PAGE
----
This blog is about how to use jigsaw cutter. If you haven’t already grabbed your saw, grab some safety glasses. So, the jigsaw, also known as the saber saw is a fantastic tool for the carpenter because it’s great for cutting irregular shapes and curves. It’s great for cutting notches and framing and lumber and decking for making curved cuts and plywood and it works really well for cutting circles.
How To Use Jigsaw Cutter?
Jigsaw is similar to a circular saw and the way that it actually has a blade that has a handle and a trigger and it has an adjustable base plate. But the jigsaw has a straight blade and unlike the circular saw blade, this blade cannot be adjusted for the depth of cut.
Types Of Jigsaws:
The two most common types of jigsaws in the market for residential construction are the top grip. And the other type has a barrel grip that puts your hand behind the motor and behind the blade for more control. Both are a great options. In my opinion, it just all depends on feel and your personal preference.
Either way, you go be sure that you buy a jigsaw that accepts T-shank blades. Trust me on that. So with that blade selection is really important. First, before you buy a blade, you need to ask yourself, What am I cutting? And how do I want that cut to turn out? So for instance, if you’re cutting framing lumber and you need that cut to be fast and not so clean, then choosing a blade with a lower TPI is what you’re going to need. Now, on the flip side of that, if you’re choosing to make a really clean cut more precise cut, then choosing a blade with a higher TPI is what you’re going to need.
What is TPI?
TPI stands for teeth per inch somewhere on the packaging, it’ll note the teeth per inch. Sometimes some packaging not only shows the teeth per inch, but also gives a description of what it’s used for.
And second, be sure to choose the right blade length, you need to make sure that the blade is at least an inch or really more than the depth of your material. And then third, I would buy blades that only cut on the upstroke. This represents really the majority of the blades out there, but you can buy blades that cut on the downstroke.
Why is This Important?
Well, to answer that question, you first have to understand the cutting action of the jigsaw is up and down. When the blade is cutting on the upstroke the base plate is being pulled in tight to the material. And then when the blade is cutting on the downstroke, it actually wants to lift the base plate off the workpiece creating a better opportunity for kickback an injury.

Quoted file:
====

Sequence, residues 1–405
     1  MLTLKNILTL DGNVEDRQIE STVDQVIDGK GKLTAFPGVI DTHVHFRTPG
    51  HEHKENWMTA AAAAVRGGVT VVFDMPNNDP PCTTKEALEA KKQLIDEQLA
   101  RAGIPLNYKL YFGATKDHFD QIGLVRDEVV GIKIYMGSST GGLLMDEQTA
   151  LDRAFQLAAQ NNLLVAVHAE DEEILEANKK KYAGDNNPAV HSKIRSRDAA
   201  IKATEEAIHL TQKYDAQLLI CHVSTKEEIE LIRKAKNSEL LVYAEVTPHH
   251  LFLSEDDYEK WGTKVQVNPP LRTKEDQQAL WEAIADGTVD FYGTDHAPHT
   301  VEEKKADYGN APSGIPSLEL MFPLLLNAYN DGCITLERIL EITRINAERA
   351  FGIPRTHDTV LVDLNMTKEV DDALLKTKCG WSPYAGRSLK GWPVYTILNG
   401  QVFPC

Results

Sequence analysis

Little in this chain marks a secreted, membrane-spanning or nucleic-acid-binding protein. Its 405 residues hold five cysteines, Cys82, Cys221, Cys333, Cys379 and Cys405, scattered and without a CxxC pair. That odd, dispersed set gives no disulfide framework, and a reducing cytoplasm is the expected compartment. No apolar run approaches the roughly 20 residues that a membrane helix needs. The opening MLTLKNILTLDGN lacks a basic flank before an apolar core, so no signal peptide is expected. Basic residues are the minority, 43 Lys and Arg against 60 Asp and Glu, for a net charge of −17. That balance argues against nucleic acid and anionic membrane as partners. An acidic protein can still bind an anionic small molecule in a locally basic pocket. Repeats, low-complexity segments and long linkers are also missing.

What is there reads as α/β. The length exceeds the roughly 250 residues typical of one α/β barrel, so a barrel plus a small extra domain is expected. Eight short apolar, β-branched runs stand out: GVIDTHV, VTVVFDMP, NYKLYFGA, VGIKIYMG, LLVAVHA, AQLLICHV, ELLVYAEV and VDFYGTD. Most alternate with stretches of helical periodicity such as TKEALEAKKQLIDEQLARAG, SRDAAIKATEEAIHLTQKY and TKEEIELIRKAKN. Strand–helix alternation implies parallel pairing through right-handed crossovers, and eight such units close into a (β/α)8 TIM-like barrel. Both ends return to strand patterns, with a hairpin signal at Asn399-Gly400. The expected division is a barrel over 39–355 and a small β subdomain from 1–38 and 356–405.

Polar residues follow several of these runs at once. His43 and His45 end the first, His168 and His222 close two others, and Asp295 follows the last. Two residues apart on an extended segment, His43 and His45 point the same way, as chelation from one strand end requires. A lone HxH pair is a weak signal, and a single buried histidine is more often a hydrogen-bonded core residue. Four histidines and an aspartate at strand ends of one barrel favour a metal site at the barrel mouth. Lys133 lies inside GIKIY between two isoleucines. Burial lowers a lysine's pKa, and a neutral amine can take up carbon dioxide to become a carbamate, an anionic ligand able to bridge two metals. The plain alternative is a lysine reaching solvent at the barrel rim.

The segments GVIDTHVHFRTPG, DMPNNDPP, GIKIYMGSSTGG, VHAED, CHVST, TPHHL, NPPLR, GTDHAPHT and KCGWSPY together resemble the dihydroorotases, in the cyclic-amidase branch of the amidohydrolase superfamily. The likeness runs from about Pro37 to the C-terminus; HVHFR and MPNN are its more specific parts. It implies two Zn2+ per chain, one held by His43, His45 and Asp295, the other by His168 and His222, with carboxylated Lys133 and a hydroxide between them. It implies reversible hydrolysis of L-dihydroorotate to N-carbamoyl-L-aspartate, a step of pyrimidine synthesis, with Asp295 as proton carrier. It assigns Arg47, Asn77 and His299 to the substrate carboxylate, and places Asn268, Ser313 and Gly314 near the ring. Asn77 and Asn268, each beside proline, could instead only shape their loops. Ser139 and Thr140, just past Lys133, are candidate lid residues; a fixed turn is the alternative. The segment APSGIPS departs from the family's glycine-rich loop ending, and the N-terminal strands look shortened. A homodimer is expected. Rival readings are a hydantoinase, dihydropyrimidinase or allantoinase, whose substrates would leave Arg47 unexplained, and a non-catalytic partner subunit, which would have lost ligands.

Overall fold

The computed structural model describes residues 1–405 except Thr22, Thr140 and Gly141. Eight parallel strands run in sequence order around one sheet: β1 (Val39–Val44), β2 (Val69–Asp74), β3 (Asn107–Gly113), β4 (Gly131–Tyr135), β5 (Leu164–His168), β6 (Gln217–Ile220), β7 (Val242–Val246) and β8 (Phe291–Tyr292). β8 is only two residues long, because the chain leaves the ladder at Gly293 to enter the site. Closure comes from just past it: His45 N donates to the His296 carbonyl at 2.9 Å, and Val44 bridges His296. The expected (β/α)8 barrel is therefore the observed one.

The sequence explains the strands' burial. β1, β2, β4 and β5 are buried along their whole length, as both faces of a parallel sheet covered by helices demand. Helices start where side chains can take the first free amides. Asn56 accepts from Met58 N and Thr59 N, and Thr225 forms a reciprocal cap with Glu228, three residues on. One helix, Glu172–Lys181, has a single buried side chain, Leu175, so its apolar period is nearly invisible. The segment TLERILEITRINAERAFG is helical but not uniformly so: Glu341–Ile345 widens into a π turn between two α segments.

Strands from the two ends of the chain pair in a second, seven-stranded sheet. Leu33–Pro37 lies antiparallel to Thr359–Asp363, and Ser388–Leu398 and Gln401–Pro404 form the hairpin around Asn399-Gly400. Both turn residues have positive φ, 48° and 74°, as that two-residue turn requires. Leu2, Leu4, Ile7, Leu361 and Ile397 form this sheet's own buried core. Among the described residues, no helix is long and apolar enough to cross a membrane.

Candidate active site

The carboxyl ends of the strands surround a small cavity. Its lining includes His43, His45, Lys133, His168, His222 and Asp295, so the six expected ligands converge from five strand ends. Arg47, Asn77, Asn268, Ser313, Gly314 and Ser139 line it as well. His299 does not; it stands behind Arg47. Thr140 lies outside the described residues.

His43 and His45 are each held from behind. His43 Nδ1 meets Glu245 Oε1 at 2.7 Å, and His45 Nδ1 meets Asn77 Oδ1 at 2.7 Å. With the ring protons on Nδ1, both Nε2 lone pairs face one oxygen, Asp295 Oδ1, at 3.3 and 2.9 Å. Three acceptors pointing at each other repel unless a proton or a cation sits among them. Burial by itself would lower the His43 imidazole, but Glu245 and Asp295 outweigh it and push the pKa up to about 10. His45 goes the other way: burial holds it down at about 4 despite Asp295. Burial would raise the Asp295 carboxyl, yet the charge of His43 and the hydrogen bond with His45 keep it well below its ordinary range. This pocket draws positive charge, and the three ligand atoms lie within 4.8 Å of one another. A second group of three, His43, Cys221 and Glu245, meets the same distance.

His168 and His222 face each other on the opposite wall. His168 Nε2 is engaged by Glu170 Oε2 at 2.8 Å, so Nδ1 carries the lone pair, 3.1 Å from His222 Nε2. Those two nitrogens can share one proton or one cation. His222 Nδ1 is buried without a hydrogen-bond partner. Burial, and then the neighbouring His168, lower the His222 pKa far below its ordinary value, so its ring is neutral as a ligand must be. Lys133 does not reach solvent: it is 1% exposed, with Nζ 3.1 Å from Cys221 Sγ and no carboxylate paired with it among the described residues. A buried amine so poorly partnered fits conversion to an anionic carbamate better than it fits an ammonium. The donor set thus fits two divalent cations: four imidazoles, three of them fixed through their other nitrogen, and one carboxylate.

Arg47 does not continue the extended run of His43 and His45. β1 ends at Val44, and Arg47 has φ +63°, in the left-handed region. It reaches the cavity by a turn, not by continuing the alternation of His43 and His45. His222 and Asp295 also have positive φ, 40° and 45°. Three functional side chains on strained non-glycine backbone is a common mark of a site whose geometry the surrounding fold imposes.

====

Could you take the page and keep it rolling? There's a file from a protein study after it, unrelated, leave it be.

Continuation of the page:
But as long as you use caution these blades can be very very beneficial. The other thing you need to understand is that when the blade is cutting on the upstroke it creates terror on the top side of the material, which could actually be your finished surface. And that’s exactly why some people like to have blades that cut on the downstroke because really the majority of the time when you’re laying something out or drawing something, it’s on the finish side of the wood.
Base Plate, Trigger & Adjustment:
Next is the adjustable base plate, which then can be beveled to a 45-degree angle for making bevel cuts. And then third, the trigger is variable meaning that the harder that you depress it, the faster the blade will go. This gives you a lot of control when making cuts.
And lastly, the adjustment for the amount of reciprocation. What this means is set to zero reciprocation, the blade tracks perfectly up and down. But with different levels of reciprocation added the blade will actually travel more in an oval-shaped pattern sort of lunging forward which produces a more aggressive cut. Speed and quality really are the two main things that are affected by these adjustments.
Types Of Cuts:
There are three types of cuts to the circle saw first is a short straight cut which is common for this song because long cuts are not. So, you can be used in finished carpentry and installing some cabinets. The regular cuts are very common and may be one of the biggest uses of the saw. Great for cutting curves. And with a thin scrolling blade, you’re able to make some really tight curves.
Lastly, cuts in the middle of the material things like circles, squares, or any other shape that you need. Now to do this you need help from a drillbit you simply drill a hole insert the blade and make your cut for anything other than circles sometimes multiple holes make the job much easier. And if you need to the jigsaw is great at nibbling away material. I do this all the time.
Now I can’t leave out the plunge cup The plunge cut is a faster way to get the blade into the material without using a drill bit. Now it’s gonna leave a really rough cut, but that’s what the plunge cuts all about. It’s all about speed. And it’s all about I don’t have a drill bit, and I need to get this cut done.
Two things of caution. First, the plunge cut is a little sketchy, the SAU will want to kick back on you, if you don’t come down just right or have the right angle, or if the blade is too short, and that’s what I’ve found that the longer the blade, the better this punch cut goes.
Second, in regards to using the tool in general, always take the time to look under what you’re cutting. It’s so easy to forget about the rest of the blade that’s traveling beneath the material. I’ve cut extension cords, I’ve cut its own cord, I’ve cut plumbing, let’s just say I’ve cut a lot more than just wood over the years of using saw. But with a little bit of practice, you can get really good at this and it’s a great asset to your toolbox.
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